Financialindustryregulatory Arthur-Iddy's BrokenCzech Tool

April 30, 2018

In promoting its online BrokerCheck, FINRA asserts that "BrokerCheck is a free tool to research the background and experience of financial brokers, advisers and firms." Yeah, tool indeed! Consider a recent FINRA arbitration and how useful BrokerCheck would be in researching some of the named parties.

Case In Point

In a Financial Industry Regulatory Authority ("FINRA") Arbitration Statement of Claim filed in June 2016. As set forth in the FINRA Arbitration Decision, Claimant Taylor asserted:

constructive discharge; diminution in the value of Claimant's career; illegal termination; failure to live up to the covenant of good faith and fair dealing in contractual relationship; breach of employment contract; tort; interference with business contracts and relationships; failure to act in good faith; and failure to provide employees with full and accurate information. The causes of action relate to Claimant's resignation from his employment with Respondents, Respondents' alleged mismanagement of their Puerto Rico closed-end funds, compensation allegedly owed by Respondents to Claimant and Respondents' alleged impact on Claimant's career as a financial advisor.

Claimant Taylor sought $10 million in compensatory damages plus unspecified compensatory damages for his:
  • mental pain and anguish associated with his alleged illegal termination; and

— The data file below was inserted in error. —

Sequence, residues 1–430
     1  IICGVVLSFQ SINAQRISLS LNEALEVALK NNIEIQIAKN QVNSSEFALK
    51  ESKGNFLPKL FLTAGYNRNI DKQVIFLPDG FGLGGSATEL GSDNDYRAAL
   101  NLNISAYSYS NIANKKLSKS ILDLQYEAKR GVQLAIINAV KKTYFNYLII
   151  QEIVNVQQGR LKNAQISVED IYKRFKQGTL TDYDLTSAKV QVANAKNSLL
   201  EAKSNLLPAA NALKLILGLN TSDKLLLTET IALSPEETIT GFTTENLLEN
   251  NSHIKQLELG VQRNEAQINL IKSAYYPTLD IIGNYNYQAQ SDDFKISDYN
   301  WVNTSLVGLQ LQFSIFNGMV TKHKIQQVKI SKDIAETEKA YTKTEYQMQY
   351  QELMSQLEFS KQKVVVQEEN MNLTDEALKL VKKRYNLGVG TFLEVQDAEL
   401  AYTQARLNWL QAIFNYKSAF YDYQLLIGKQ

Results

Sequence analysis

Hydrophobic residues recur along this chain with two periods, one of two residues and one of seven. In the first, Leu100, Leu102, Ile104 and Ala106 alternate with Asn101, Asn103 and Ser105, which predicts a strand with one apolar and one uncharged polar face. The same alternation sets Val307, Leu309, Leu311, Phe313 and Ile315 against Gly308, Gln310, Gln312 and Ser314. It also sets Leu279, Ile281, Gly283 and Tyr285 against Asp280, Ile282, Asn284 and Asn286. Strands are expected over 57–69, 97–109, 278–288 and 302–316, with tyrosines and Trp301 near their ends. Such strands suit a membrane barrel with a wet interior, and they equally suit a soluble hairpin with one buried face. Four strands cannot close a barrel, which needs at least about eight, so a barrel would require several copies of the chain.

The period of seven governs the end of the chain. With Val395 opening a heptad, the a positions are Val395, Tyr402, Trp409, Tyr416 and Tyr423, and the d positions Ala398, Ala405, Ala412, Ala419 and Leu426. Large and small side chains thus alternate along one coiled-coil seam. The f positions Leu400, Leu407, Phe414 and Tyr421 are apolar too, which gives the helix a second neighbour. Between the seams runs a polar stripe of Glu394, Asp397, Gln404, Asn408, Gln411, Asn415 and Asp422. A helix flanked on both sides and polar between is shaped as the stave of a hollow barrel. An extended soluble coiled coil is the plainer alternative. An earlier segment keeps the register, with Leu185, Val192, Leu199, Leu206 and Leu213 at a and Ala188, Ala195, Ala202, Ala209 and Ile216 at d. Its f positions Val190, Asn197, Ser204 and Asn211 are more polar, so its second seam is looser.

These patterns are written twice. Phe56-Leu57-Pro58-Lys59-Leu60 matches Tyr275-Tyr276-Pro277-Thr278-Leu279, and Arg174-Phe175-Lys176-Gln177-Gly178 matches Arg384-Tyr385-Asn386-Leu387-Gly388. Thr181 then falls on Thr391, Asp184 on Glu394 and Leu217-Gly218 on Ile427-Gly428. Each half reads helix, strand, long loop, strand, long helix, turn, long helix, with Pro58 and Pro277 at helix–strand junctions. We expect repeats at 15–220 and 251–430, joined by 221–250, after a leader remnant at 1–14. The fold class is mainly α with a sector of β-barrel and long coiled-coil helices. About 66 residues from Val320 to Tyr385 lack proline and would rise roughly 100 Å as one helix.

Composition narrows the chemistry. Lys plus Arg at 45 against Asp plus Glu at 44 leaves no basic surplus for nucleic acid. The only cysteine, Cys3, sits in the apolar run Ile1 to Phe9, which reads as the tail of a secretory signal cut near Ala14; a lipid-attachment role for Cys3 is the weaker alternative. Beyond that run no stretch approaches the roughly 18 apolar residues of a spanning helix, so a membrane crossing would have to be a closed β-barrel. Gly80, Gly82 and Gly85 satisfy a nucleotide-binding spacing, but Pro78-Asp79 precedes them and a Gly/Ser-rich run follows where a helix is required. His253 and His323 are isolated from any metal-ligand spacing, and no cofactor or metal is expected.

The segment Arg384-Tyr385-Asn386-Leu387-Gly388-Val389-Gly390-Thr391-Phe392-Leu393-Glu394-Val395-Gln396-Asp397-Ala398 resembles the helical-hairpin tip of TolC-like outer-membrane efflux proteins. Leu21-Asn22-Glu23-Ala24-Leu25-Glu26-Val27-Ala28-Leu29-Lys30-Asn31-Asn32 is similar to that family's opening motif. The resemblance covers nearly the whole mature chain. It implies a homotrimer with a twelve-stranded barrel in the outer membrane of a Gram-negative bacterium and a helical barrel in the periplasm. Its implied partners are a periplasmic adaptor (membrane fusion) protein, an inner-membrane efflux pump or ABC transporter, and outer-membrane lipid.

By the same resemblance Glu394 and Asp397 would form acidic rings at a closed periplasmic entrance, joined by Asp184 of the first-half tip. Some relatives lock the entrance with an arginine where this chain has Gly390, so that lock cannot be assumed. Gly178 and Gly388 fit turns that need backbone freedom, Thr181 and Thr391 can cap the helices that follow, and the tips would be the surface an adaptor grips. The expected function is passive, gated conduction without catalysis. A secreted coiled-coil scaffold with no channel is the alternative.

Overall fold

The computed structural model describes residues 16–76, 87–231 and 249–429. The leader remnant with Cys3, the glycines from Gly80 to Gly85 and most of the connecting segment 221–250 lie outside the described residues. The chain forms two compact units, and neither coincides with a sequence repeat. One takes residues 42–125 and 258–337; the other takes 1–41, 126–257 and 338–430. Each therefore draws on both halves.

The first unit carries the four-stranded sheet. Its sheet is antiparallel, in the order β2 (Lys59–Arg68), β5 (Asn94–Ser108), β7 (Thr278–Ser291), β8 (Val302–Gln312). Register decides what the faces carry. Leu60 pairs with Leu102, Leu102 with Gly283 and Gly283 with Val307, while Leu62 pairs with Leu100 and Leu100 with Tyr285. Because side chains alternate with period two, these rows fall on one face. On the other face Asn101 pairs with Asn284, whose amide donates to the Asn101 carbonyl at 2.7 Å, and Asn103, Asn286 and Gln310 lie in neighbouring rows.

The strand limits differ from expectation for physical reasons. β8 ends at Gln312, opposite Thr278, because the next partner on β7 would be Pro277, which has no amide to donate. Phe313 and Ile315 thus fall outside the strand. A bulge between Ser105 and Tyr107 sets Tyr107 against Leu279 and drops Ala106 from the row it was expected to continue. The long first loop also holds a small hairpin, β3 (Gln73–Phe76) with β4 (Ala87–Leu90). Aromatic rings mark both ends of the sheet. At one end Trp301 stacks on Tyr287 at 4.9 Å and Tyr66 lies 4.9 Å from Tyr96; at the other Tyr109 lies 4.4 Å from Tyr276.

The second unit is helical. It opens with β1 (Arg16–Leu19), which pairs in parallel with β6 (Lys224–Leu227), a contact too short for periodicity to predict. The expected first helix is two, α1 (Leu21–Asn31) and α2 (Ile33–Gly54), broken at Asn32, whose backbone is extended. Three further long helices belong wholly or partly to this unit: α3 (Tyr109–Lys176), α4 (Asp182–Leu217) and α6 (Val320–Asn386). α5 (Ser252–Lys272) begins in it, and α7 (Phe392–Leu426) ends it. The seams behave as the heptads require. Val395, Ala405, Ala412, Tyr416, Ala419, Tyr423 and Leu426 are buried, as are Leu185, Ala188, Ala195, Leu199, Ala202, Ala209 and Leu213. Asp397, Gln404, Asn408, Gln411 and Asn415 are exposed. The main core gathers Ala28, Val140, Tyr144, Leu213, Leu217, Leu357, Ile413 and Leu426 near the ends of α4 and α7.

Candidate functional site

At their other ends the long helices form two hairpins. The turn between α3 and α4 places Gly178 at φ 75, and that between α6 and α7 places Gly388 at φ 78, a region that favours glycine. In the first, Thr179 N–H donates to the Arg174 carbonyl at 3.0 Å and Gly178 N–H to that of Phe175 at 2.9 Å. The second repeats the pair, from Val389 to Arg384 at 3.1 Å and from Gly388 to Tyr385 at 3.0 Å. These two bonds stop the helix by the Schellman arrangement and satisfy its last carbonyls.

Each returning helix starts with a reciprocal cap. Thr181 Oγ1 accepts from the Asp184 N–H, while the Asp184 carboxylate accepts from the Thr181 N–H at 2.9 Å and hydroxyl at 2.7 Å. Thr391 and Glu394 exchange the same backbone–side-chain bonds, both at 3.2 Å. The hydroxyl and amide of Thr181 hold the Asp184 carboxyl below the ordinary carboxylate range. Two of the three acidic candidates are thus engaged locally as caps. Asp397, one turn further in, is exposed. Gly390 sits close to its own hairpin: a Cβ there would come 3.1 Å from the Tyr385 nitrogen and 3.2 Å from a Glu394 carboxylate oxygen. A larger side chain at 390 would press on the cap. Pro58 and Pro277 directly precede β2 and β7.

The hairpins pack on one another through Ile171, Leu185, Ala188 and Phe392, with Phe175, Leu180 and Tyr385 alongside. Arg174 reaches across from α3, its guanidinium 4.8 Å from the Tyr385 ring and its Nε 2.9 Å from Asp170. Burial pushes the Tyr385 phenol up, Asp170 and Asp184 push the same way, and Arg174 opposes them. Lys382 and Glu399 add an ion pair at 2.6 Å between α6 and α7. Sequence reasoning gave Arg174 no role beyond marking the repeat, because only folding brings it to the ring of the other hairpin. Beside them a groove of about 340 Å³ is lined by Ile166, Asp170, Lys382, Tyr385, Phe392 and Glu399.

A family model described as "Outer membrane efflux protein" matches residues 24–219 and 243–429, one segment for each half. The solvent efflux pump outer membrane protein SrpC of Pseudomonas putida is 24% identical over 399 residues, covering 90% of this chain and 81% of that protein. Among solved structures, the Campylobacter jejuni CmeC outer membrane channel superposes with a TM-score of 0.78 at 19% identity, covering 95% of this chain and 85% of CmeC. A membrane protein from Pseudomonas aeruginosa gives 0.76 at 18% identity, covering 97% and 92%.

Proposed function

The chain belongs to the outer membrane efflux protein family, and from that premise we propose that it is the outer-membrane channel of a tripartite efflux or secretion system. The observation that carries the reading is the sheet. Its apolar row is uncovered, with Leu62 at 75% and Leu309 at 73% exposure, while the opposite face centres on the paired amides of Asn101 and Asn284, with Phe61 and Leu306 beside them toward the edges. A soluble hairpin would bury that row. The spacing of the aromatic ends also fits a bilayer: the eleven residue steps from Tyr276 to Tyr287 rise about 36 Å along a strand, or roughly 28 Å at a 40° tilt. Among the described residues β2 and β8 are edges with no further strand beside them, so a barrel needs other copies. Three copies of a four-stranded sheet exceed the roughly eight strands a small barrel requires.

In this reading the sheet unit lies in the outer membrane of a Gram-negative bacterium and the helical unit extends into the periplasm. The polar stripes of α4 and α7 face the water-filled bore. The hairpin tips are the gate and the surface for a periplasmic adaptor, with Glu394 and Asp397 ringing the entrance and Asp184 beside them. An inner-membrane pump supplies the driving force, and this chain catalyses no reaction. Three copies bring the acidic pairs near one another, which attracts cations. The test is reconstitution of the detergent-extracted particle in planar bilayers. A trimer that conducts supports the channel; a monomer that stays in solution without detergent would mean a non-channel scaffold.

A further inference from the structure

• vacation leave pay and applicable penalty.
Additionally, Claimant sought punitive damages; attorneys' fees; interest; and the costs. At the close of the hearings, Claimant requested an award of $4,393,722.00; vesting of $1,235,727.00 in deferred compensation; and attorneys' fees. In the Matter of the FINRA Arbitration Between Wilson Dennis Colberg-Trigo. Claimant, vs. UBS Financial Services, Inc. and UBS Financial Services Incorporated of Puerto Rico, Respondents (FINRA Arbitration 16-01865, April 26, 2018).


The UBS Respondents generally denied the allegations, asserted various affirmative defenses, and filed a Counterclaim against Colberg-Trigo. The UBS Respondents asserted breach of promissory note arising from Claimant Colberg-Trigo's alleged failure to repay $1,240,627.05 representing the sums on four promissory notes dated 2009, 2010, 2011, and 2014, that were allegedly  due upon his resignation. Claimants sought repayment of the notes' balance, costs, expenses, attorneys' fee, and interest. At the close of the hearings, UBS Respondents sought  $20,000 in attorneys' fee and $854,156.77 in compensatory damages, which took into account Claimant's request that $388,443.00 in vested deferred compensation (undisputed by the parties) be applied to offset the Notes.

On Second Thought

On November 17, 2017, the parties were advised that an Arbitrator, who had previously been appointed as "public," had her classification had been changed to non-public based on FINRA's revised definition of a non-public arbitrator effective October 9, 2017.


The FINRA Panel of Arbitrators found the UBS Respondents were jointly and severally liable to Claimant Colberg-Trigo and ordered them to pay to him $1,235,727.00 in compensatory damages plus interest. The Panel denied Claimant Colberg-Trigo's tort claims.